Fall is in full swing. Outside the leaves are changing color and the air is getting crisper. Inside the stores and restaurants are peddling pumpkin spice and everything nice.
If you’re like me, you might love fall…but not be inspired enough to re-decorate the whole house to celebrate the season—though you could be open to a little festive decor.
Well then you’re in luck because here’s a list of a 12 simple ways to add a little fall flavor to your own home.
1 • Primitive produce • Most commonly found in the shape of pumpkin but sometimes apples, this rustic decor is made of wood, is more representative than realistic (sometimes just a painted wood block with a stick for a stem), and is cute just about anywhere in the house.
2 • Jars of candy corn • Pour some candy corn into jelly jars, glass vases, or even candle bases that allow for changeable filler. Display together as a grouping or set out in various rooms. Festive, colorful, and tasty too!
3 • Small gourds • This time of year, small pumpkins and gourds of various shapes and hues can be found at most grocery stores and markets. Buy an assortment in several colors, shapes, and sizes. Display indoors in a bowl or a narrow tray or outdoors in planter or window box.
4 • Wreath • A wreath is always a good idea—and one of my favorites. Autumn provides such an abundance of wreath ideas. This list is just a sampling of the possibilities, faux and natural, for interior or exterior:
- Magnolia leaves.
- Colored autumn leaves.
- Dried herbs/wheat/hops.
- Gathered burlap.
Tip: Spray paint entire wreath, especially grapevine or pinecone, in a metallic silver or gold for extra sheen and shine.
5 • Vase filler • Potpourri or botanicals in fall colors provide a dash of color to any room when arranged to fill up the vertical space of a tall glass vase. You may even be lucky enough to find filler in the shape of pumpkins (pictured here), apples, sunflowers, or other autumn harvest objects.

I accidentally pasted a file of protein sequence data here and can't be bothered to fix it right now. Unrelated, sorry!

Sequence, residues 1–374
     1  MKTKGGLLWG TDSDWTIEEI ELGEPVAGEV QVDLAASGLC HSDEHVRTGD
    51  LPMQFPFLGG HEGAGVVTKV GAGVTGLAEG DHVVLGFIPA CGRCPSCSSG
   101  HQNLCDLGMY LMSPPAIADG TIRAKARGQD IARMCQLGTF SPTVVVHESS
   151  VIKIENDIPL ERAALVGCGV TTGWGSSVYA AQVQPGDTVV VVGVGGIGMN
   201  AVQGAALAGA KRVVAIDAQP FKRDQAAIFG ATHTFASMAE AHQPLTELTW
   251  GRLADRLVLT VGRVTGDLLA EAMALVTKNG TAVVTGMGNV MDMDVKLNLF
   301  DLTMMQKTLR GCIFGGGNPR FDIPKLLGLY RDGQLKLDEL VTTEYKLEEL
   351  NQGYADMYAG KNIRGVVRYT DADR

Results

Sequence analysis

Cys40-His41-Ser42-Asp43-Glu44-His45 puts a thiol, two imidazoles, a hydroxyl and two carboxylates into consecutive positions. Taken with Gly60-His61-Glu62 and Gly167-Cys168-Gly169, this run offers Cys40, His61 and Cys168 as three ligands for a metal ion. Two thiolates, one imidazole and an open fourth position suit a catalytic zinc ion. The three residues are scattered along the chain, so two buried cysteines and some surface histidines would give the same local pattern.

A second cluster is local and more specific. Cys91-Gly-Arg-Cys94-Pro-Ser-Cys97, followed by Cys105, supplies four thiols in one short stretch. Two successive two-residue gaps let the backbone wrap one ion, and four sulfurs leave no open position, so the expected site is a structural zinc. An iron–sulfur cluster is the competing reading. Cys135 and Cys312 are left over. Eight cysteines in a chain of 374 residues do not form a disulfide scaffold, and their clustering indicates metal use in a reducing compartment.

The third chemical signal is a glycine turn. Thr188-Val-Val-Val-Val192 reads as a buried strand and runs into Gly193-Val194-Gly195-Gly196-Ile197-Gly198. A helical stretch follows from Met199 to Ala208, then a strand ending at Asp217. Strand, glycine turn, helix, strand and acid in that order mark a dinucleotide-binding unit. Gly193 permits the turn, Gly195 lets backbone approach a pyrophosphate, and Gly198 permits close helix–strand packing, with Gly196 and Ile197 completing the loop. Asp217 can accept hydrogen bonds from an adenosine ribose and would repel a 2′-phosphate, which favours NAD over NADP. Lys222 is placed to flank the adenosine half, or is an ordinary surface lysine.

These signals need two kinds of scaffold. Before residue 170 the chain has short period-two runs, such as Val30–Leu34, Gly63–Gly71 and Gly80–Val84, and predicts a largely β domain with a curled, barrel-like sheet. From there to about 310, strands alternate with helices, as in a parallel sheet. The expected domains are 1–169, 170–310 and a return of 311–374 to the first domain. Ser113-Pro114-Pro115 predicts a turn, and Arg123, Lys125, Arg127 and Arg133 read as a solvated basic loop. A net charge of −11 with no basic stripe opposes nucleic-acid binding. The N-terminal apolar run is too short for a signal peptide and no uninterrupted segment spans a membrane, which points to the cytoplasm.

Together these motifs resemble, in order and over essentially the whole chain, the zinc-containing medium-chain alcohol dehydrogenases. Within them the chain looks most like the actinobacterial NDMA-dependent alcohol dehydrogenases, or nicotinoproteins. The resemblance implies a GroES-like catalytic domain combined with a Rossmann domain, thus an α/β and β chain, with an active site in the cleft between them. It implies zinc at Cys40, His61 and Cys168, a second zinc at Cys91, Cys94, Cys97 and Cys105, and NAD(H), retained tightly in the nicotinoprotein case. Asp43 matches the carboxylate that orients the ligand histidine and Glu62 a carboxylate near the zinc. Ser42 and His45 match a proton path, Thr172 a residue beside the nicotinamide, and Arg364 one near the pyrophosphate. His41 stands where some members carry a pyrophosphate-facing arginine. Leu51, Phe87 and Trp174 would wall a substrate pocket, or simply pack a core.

6 • Garland • These seasonal strands can feature many different themes and can be found in many different forms, including paper, fabric, metal, and wood. Here are several options for displaying a garland:
› Hung vertically. Rather than stretch a garland right to left, try hanging it top to bottom, as in a door way or from the ceiling in a corner of a room.
› Draped over a doorway or window. This way is the most traditional, using the whole garland spread horizontally across an opening in a room. Other handy places to string a garland include…
» A mantel. Not just for Christmastime—although I do use the same stocking holders I use for, well, holding stockings at Christmas. That said, these stocking holders are not big holiday-themed items that take up a lot of space on the mantel; they are simple metal hooks made especially for the purpose of being a low-profile way to bear light weight for a hanging display.
» A bookcase. One advantage here is that the ends of the garland could possibly be tucked between books, no nails required.
» The back of a couch. This option could work well for couches whose back faces a walkway within the house.
» Wall-hung art or photos. As shown below, this outside-the-box idea creates a festive surprise for any room.
› Added to a wreath. An entire garland can be arranged into an already existing wreath. Or, if the elements in a garland can be removed, then individual elements can be added to an already existing wreath as desired.
I prefer this option because the elements of the garland can stretch a little further by being used in multiple places, not just on one wreath. And since each garland element usually comes on its own little hanging loop, they are easy to use elsewhere, such as…
» Pinned to a bulletin board. A seasonal addition to the to-dos and reminders.